COP21

Sustainable Development Goal 2: End hunger, achieve food security

Sustainable Development Goal 2: End hunger, achieve food security

Arms toasting at a table
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For abundance to reach everyone on the planet, science should sit at the head of the table.

This story first appeared on the blog of Corporate Citizenship, a global business consultancy specializing in sustainability and corporate responsibility. Its series of articles about the  17 Sustainable Development Goals is running here.

Food, glorious food. Unless you don’t have enough. Or it doesn’t nourish you. Or the food destroys the environment.

This weekend driving through my home state of Illinois  part of the U.S. corn belt  past field after field of bright green crops, I wondered about SDG No. 2: End hunger, achieve food security and improved nutrition and promote sustainable agriculture — and how we can solve this complex agriculture problem. Today 925 million people are hungry, and experts say the number will grow as an additional 2 billion are added to the global population by 2050.

Science is our solution.

Individuals have to start believing in science again. Move past the scare tactics and twisted facts. Get educated.  Scientists have been modifying crops for many, many decades without pushback until recently. How do you think you got that new apple you love so much or the sweeter corn on the cob you enjoy in the summer? Let the science speak.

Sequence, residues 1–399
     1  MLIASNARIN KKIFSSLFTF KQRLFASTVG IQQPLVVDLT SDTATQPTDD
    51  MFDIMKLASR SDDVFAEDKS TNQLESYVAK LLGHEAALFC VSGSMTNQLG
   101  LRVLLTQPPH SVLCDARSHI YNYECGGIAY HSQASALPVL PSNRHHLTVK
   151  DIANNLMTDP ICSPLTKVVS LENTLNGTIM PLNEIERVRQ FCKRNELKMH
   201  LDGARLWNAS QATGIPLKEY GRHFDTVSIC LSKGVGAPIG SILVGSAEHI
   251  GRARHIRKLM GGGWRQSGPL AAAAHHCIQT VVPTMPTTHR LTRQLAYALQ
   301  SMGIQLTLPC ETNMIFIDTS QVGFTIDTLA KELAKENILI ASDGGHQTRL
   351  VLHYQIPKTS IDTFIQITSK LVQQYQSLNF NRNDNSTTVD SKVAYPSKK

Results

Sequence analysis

SDG 2: End hunger
United Nations

Companies need to apply science from a local perspective. Really learn the agricultural and cultural challenges on the ground all over the world. Don’t just import a solution from one region to another. Think long-term and about different ways to do business  different buyers, different ROIs, different partners. Xylem is doing this with its water pump that addresses cultural, agricultural and local economic factors in India and parts of Africa.

We need markets that work for everyone. Business and government are going to have to be global here. Work together to get the right policies in place to help everyone, not just someone.

Don’t think this is just a developing country problem. People everywhere are hungry and malnourished. Take the U.S. as an example  a place where many think we can’t possibly have a problem. California is running out of water and farmers can’t grow crops. In 2013, 49.1 million Americans lived in food-insecure households — 33.3 million adults and 15.8 million children. We need to solve this problem everywhere.

Science is our friend. Use it to develop seeds, farming equipment and food and to train farmers so we have enough of the right food grown in a sustainable way to end hunger.

No one should go to bed hungry.